African Film and Literature: Adapting Violence to the Screen by Lindiwe Dovey

By Lindiwe Dovey

Analyzing a number of South African and West African movies encouraged through African and non-African literature, Lindiwe Dovey identifies a particular pattern in modern African filmmaking-one within which filmmakers are utilizing the embodied audiovisual medium of movie to supply a critique of actual and mental violence. opposed to a close heritage of the medium's savage creation and exploitation via colonial powers in very varied African contexts, Dovey examines the advanced ways that African filmmakers are protecting, mediating, and critiquing their very own cultures whereas looking a united imaginative and prescient of the longer term. greater than only representing socio-cultural realities in Africa, those motion pictures interact with problems with colonialism and postcolonialism, "updating" either the background and the literature they adapt to deal with modern audiences in Africa and somewhere else. via this planned and radical re-historicization of texts and realities, Dovey argues that African filmmakers have built a mode of filmmaking that's altogether particular from ecu and American varieties of adaptation.

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Alternatively, anthropologists such as Brian Larkin and Birgit Meyer express excitement at the local and global access to audiovisual media for Africans created through the video industries. What remains disturbing is the relative lack of research and discussion about the forms and functions of the video films. The general euphoria that Africans are producing and consuming their own films runs the risk of compromising important debate on the content and critique of such African films. While certain video filmmakers, such as Tunde Kelani and Ladi Ladebo in Nigeria and Bob Nyanja in Kenya, have adopted a critical voice, raising important issues around African art, ethnicity, and HIV/AIDS, other video filmmakers trade in the genres of horror, magic, and melodrama and often exhibit themes of 22 introduction vengeance in order to make money (Adesanya 1997:14).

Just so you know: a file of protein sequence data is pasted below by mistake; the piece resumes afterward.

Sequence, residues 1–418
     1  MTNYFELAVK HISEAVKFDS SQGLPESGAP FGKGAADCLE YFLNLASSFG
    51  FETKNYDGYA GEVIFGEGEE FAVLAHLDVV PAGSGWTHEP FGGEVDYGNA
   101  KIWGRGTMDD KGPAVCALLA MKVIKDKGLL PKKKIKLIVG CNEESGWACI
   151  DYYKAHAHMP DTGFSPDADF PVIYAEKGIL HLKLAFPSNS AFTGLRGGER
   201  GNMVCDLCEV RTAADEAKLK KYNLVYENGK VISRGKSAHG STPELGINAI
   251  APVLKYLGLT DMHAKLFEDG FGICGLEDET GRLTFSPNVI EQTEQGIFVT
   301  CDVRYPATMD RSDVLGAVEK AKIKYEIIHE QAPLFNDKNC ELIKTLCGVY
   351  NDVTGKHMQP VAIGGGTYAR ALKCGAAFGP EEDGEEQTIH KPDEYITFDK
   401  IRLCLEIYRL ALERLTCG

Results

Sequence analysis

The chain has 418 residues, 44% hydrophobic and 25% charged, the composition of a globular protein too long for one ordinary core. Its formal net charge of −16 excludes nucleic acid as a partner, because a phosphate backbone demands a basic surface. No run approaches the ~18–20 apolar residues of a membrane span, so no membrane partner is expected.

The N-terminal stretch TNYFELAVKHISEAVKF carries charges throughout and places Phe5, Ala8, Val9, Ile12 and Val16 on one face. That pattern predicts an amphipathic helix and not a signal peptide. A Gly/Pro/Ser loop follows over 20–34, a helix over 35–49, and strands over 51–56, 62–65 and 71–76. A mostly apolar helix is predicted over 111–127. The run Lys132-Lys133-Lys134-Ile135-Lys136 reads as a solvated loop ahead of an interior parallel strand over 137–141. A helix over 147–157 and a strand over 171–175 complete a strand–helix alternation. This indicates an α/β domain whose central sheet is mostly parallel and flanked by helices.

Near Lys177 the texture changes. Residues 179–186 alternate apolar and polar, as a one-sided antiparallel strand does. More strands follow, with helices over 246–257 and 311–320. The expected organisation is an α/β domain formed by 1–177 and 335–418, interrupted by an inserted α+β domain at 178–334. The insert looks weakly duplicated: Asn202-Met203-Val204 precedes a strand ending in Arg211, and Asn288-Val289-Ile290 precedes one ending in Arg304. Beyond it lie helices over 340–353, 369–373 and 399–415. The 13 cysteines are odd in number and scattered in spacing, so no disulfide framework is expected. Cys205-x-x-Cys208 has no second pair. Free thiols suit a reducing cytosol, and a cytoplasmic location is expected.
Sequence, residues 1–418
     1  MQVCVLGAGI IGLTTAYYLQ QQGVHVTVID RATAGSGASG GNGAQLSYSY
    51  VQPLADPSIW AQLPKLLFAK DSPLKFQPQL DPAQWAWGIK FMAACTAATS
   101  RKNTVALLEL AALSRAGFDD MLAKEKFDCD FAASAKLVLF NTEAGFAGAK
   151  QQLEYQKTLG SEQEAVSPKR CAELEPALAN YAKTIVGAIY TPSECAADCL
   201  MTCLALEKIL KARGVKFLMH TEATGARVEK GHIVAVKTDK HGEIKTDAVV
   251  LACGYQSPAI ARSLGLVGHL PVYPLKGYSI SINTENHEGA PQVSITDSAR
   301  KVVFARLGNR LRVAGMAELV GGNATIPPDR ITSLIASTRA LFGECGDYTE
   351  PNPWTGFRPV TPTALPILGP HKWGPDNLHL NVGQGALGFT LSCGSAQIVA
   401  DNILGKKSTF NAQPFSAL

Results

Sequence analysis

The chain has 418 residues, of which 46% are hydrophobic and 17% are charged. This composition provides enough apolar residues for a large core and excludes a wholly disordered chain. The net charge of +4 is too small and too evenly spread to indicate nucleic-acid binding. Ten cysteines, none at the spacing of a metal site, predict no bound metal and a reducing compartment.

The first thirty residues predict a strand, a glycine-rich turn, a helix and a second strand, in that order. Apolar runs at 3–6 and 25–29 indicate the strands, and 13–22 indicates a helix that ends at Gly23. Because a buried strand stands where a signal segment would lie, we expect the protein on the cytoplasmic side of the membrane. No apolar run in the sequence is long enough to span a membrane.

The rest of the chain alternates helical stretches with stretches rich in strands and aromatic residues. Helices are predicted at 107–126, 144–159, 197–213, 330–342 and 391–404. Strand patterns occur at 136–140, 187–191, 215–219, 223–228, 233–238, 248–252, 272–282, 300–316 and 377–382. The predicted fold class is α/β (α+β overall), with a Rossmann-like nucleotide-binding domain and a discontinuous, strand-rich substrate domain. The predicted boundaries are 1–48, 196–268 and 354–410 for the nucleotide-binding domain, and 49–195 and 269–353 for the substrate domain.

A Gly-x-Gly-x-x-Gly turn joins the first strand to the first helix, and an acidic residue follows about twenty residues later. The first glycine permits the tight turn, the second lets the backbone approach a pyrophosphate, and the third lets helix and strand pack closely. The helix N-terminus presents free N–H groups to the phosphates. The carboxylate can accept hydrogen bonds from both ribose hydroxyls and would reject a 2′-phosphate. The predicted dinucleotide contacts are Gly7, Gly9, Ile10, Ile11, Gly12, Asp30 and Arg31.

Anthropologist Michael Taussig describes “the violence of the twentieth26 introduction century colonial frontier” in terms of the “mimicry by the colonizer of the savagery imputed to the savage” (1993:66). Taussig’s account of the physical violence of colonial encounters is the counterpart to Homi Bhabha’s notion of colonial mimicry as a form of discursive violence. Bhabha’s concept of mimicry was inspired by Fanon’s recognition in Black Skin, White Masks of the way in which colonialism bred mimicry by the colonized of the colonizers.

Much of the discussion among the builders of African cinema revolves around developing distribution and creating an industry: but the development of an industry could be the worst thing for the more profound social possibilities of African cinema” (2000:144). ). At FESPACO 2007, there was a strong consensus that everyone involved in African film has to work, in the future, toward bridging the gap between critical African films and the African public so that their critique may be fully activated for development purposes: whether this means evolving new popular forms of film that will appeal more to local, African audiences; making more films in African languages; harnessing the democratization process that has been opened up by new technologies; creating coproduction treaties between African nations; showing African films on television; or through creating alternate distribution and exhibition strategies.

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